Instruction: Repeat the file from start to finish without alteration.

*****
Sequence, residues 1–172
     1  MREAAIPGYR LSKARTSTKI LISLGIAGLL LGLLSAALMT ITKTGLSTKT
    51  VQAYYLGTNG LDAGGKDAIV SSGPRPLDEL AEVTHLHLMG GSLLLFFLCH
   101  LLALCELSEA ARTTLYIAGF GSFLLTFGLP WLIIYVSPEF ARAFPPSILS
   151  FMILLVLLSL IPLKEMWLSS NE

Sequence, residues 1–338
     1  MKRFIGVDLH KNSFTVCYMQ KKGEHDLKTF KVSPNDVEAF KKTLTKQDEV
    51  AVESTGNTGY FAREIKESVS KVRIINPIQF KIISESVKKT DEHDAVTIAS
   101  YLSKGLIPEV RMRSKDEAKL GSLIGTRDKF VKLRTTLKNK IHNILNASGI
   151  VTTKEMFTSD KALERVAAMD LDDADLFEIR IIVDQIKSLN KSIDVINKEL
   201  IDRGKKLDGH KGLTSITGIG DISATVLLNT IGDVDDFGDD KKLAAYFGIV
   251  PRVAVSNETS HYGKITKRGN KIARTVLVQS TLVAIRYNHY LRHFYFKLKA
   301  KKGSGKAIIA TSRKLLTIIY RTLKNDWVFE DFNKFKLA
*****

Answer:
Sequence, residues 1–172
     1  MREAAIPGYR LSKARTSTKI LISLGIAGLL LGLLSAALMT ITKTGLSTKT
    51  VQAYYLGTNG LDAGGKDAIV SSGPRPLDEL AEVTHLHLMG GSLLLFFLCH
   101  LLALCELSEA ARTTLYIAGF GSFLLTFGLP WLIIYVSPEF ARAFPPSILS
   151  FMILLVLLSL IPLKEMWLSS NE

Sequence, residues 1–338
     1  MKRFIGVDLH KNSFTVCYMQ KKGEHDLKTF KVSPNDVEAF KKTLTKQDEV
    51  AVESTGNTGY FAREIKESVS KVRIINPIQF KIISESVKKT DEHDAVTIAS
   101  YLSKGLIPEV RMRSKDEAKL GSLIGTRDKF VKLRTTLKNK IHNILNASGI
   151  VTTKEMFTSD KALERVAAMD LDDADLFEIR IIVDQIKSLN KSIDVINKEL
   201  IDRGKKLDGH KGLTSITGIG DISATVLLNT IGDVDDFGDD KKLAAYFGIV
   251  PRVAVSNETS HYGKITKRGN KIARTVLVQS TLVAIRYNHY LRHFYFKLKA
   301  KKGSGKAIIA TSRKLLTIIY RTLKNDWVFE DFNKFKLA